This coming Sunday is the 5th Sunday in Ordinary Time. In yesterday’s post we considered two verses that fall between the Sunday gospel readings that are a caution for any would-be disciple. Today, we consider the well known “salt of the earth” metaphor: “You are the salt of the earth. But if salt loses its taste, with what can it be seasoned? It is no longer good for anything but to be thrown out and trampled underfoot.” (Mt 5:13)
As Boring [Gospel of Matthew, 181] notes, salt had several uses in the ancient world. In the OT, salt was added to sacrifices (Lev 2:13), connected with purity (Ex 30:35; 2 Kgs 2:19–22), symbolic of covenant loyalty (Num 18:19; Ezra 4:14), and used as a seasoning for food (Job 6:6). In the Mishnah salt is associated with wisdom (m. Sotah 9:15). As well, salt was used as a preservative. It is easy to see how all the OT usages of salt would be possible connotations.
The actual Greek is more emphatic than the translation we have in English. The pronoun hymeis (you) is unnecessary. Its presence in the sentence is to give emphasis to what follows. Contextually, it says, “It is you and not those others…” The understanding would not be one of misplaced pride for the hearer, but rather a warning. Salt serves mainly to give flavor, and to prevent corruption. Disciples, if they are true to their calling, make the earth a purer and a more palatable place. But they can do so only as long as they preserve their distinctive character: unsalty salt has no more value.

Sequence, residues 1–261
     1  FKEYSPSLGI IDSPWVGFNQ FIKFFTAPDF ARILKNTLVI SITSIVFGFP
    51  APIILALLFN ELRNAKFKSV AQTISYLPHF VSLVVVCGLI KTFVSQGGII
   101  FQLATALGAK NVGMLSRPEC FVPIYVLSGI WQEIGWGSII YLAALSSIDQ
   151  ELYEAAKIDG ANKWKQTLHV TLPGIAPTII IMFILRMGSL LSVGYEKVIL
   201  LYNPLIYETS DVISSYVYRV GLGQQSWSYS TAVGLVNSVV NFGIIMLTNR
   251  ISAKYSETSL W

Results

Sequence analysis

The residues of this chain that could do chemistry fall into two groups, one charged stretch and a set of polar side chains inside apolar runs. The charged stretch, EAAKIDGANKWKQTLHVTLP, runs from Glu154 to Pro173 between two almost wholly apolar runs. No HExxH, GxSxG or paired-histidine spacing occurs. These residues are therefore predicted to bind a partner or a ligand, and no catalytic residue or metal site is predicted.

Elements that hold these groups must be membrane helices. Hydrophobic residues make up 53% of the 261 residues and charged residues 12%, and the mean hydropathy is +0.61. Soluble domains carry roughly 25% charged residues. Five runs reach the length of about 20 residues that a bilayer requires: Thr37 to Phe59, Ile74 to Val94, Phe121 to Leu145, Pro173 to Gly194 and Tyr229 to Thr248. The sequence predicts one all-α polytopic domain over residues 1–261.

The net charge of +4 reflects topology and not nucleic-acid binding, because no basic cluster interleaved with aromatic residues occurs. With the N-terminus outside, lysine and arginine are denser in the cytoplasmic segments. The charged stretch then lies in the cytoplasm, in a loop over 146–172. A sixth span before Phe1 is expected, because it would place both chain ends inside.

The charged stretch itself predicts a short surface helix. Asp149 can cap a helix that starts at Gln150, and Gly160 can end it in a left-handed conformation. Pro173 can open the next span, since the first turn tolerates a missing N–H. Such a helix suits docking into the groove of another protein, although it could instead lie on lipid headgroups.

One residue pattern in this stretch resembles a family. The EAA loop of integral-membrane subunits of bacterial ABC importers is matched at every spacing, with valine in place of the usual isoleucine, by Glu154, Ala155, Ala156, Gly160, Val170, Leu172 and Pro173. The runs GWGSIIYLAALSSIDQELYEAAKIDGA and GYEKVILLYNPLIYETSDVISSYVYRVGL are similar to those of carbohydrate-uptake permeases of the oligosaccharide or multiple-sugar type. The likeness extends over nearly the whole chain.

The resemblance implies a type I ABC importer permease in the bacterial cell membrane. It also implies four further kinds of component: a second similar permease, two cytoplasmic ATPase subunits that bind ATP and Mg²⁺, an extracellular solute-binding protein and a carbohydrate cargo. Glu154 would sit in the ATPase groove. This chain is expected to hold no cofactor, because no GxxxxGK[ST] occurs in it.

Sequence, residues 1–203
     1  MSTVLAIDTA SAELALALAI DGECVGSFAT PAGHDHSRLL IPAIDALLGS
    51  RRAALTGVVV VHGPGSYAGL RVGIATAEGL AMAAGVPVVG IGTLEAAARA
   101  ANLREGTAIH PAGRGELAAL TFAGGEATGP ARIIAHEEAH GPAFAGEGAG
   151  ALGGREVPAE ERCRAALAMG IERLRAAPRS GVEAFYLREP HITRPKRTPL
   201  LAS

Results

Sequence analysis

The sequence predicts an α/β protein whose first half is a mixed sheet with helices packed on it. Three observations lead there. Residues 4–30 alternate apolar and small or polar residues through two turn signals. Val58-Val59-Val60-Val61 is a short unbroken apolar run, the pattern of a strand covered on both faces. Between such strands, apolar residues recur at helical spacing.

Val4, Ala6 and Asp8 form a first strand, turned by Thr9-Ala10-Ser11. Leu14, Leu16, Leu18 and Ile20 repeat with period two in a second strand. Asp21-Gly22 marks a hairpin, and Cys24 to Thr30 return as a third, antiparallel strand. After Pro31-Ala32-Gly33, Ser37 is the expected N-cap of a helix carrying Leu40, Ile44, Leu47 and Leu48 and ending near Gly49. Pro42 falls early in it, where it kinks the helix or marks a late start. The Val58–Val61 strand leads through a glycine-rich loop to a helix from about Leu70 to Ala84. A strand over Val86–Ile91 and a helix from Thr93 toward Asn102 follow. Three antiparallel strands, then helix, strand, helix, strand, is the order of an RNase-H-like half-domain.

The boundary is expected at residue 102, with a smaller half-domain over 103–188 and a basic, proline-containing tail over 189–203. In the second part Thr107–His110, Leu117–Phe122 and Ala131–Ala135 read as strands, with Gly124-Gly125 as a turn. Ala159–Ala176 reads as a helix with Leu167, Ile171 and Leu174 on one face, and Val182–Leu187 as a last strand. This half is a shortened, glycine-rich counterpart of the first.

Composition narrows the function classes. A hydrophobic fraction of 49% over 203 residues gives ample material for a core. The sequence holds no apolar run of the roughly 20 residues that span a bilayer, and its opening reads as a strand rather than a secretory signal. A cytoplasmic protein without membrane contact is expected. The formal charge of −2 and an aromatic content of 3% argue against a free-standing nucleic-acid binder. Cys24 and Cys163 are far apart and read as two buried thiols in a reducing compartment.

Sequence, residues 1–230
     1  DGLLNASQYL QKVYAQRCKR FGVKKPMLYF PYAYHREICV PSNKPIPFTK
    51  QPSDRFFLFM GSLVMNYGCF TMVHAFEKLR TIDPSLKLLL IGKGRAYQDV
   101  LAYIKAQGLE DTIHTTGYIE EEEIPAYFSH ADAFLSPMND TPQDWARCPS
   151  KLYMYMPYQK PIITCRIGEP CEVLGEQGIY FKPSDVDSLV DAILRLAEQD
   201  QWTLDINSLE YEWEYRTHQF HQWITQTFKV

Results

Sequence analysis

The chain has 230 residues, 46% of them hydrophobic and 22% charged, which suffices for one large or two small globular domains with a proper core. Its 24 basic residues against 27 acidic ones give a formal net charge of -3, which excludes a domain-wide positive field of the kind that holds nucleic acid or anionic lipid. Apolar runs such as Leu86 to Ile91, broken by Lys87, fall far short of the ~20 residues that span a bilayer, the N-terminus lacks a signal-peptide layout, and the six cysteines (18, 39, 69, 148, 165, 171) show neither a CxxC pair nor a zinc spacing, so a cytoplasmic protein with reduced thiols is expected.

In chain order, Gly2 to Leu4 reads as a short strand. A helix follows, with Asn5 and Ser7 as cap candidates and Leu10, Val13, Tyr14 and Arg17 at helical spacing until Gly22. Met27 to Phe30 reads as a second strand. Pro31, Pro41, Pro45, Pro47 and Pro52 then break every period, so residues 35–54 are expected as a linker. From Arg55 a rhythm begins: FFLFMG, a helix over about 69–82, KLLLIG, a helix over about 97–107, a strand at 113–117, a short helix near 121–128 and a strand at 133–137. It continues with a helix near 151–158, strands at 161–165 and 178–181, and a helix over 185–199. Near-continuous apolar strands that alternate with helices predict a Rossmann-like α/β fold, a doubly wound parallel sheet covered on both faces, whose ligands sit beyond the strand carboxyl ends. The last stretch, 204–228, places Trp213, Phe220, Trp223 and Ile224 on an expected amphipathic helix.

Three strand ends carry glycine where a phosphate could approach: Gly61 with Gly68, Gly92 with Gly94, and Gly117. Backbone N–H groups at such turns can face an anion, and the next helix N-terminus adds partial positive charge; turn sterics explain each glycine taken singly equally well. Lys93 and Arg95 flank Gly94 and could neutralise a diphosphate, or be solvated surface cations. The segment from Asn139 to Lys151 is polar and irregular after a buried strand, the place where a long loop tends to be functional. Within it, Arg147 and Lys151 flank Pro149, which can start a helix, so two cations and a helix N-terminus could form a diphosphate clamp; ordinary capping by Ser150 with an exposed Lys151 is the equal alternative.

Jesus was using a proverbial image (it recurs in Bekhoroth 8b). The Rabbis commonly used salt as an image for wisdom (cf. Col. 4:6), which may explain why the Greek word (mōranthē ) represented by lost its taste actually means ‘become foolish.’ A foolish disciple has no influence on the world. (RT France, Matthew: An Introduction and Commentary)
To be a disciple and to have no influence in the world is a contradiction.
Image credit: Cosimo Rosselli Sermone della Montagna, 1481, Sistine Chapel, Public Domain
The last paragraph in your piece above appears to be drawn from R.T. France’s work in the Tyndale Commentary series, but I don’t see credit given to France in your piece. What drew my eye to this was that what you included above, if I am not mistaken, is an exact quote of France’s work (parenthetical comments and all).
You are correct. Thanks for the note, the post has been updated. These pieces were part of a larger effort from years ago that I try to trim down to manageable sizes – things get lost in editing and trying to scale down – and in some cases perhaps the original had no annotation. But as I note on the blog: ” (The commentaries are hopefully well documented and credit given to the scholars upon whose work I relied. Any failures in this area are my own and were not intentional.)” pa et bonum